17 Mar SCSL Symposium: The Sierra Leone Perspective – When the Story is as Important as the Storyteller
[Michael Kanu is the Deputy Permanent Representative for Legal Affairs at the Permanent Mission of the Republic of Sierra Leone to the United Nations in New York. This essay was initially prepared at the request of FIU Law Review for its micro-symposium on The Legal Legacy of the Special Court for Sierra Leone by Charles C. Jalloh (Cambridge, 2020). An edited and footnoted version is forthcoming in Volume 15.1 of the law review in spring 2021.]
The civil conflict in Sierra Leone from 1990-2002 is recorded as one of the most brutal in recent human history. For a direct victim and witness to the atrocities committed during the said conflict and a witness to the transitional justice process, including the establishment of the Special Court for Sierra Leone (SCSL), the question of accounting for the legacy of the tribunal is paramount. Equally paramount to the legacy story is the storyteller’s perspective, particularly so when the subject is understudied or in the periphery of the atrocity crimes’ accountability discourse.
It is with this mindset that I find Charles Jalloh’s The Legal Legacy of the Special Court for Sierra Leone (“The Legal Legacy”) to be a compelling read, not only because of the exceptional and robust argument on the useful and, in specific circumstances, the novel jurisprudential contributions of the SCSL to the development of (then) nascent international criminal law (ICL) and justice; but also, for offering a hitherto missing perspective – the Sierra Leone perspective. As the global community’s resolve to end impunity for atrocity crimes matured from the infancy of the ad hoc international criminal tribunals – the International Criminal Tribunals for the Former Yugoslavia (ICTY) and Rwanda (ICTR) – to a recognizable field of international law, the contributions of the SCSL, embedded in its “legal legacy,” cannot be best understood or contextualized without the necessary focus on its establishment, jurisdiction (including personal jurisdiction), organization, trials and relationship with the Sierra Leone Truth and Reconciliation Commission, which Charles Jalloh so expertly and excellently conveys in his new book.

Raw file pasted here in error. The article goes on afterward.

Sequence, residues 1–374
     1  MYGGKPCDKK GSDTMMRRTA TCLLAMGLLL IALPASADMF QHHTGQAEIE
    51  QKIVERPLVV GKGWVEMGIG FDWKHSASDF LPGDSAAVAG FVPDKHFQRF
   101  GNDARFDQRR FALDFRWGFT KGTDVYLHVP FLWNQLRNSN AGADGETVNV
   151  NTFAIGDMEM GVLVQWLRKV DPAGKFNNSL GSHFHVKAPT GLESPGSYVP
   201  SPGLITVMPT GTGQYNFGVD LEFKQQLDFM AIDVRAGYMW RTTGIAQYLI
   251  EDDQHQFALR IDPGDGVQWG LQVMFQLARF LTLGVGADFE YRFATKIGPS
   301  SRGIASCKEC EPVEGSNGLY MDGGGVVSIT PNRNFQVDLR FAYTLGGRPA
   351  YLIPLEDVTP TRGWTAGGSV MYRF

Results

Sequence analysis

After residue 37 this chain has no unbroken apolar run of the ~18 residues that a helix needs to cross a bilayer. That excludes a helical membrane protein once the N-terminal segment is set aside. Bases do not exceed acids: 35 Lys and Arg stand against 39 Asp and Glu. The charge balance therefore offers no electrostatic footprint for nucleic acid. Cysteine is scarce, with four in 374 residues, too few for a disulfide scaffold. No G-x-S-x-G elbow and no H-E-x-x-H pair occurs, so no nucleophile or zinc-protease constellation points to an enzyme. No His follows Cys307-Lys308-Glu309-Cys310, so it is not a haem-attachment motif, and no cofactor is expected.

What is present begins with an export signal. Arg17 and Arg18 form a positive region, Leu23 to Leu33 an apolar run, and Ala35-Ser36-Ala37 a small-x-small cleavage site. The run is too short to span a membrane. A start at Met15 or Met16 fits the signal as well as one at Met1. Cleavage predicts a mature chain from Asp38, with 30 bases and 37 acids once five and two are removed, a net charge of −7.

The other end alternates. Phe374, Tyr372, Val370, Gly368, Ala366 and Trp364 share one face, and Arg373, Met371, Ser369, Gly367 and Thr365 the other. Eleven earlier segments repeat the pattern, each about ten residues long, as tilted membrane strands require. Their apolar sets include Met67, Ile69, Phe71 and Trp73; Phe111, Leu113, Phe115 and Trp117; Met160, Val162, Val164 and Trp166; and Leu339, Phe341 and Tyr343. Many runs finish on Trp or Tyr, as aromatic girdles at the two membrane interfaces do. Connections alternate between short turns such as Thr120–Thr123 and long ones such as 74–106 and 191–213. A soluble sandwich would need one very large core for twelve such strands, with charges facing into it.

Charles Jalloh continues to reinforce the view that he is a leading academic voice on the work of the SCSL. The Legal Legacy with its rigor and critical examination of the tribunal’s jurisprudential contributions to ICL on forced marriage as a crime against humanity, child recruitment as a war crime, head of state immunity, and blanket amnesties (collectively the SCSL ‘many firsts’), follows the path of his earlier academic contributions as (lead) editor, Consolidated Legal Texts for the Special Court for Sierra Leone (Brill, 2007), The Law Reports of the Special Court for Sierra Leone (Brill, AFRC Case, 2012; CDF Case, 2013, Taylor Case, 2015; RUF Case, 2020) and The Sierra Leone Special Court and Its Legacy: The Impact for Africa and International Criminal Law (Cambridge, 2014).
With the focus of this review on the how the SCSL came into being, in contrast to the pioneering International Military Tribunals in Nuremberg and the Far East (Tokyo), the Security Council created ICTY and ICTR, the permanent treaty established International Criminal Court, the subsequent or other internationalized/hybrid courts, and the impunity gaps that still exists for countries with similar experiences, the focus on the establishment of the SCSL provides the right context for appreciating Charles Jalloh’s “Legal Legacy” appropriately and narrowly defined to include “reference to the body of legal rules, innovative practices, and norms that the tribunal is expected to hand down to current and future generations of international, internationalized, and national courts charged with the responsibility to prosecute the same or similar international crimes.” Before this bequeathal is made, the bridge between the broader concept of the legacy for internationalized tribunals and the “legal legacy” is found in the story and motivation to establish the SCSL. This fits into the book’s core purpose, which is to specifically discuss the SCSL’s legal legacy, and not as an adjunct to the ICTY and ICTR in the existing literature.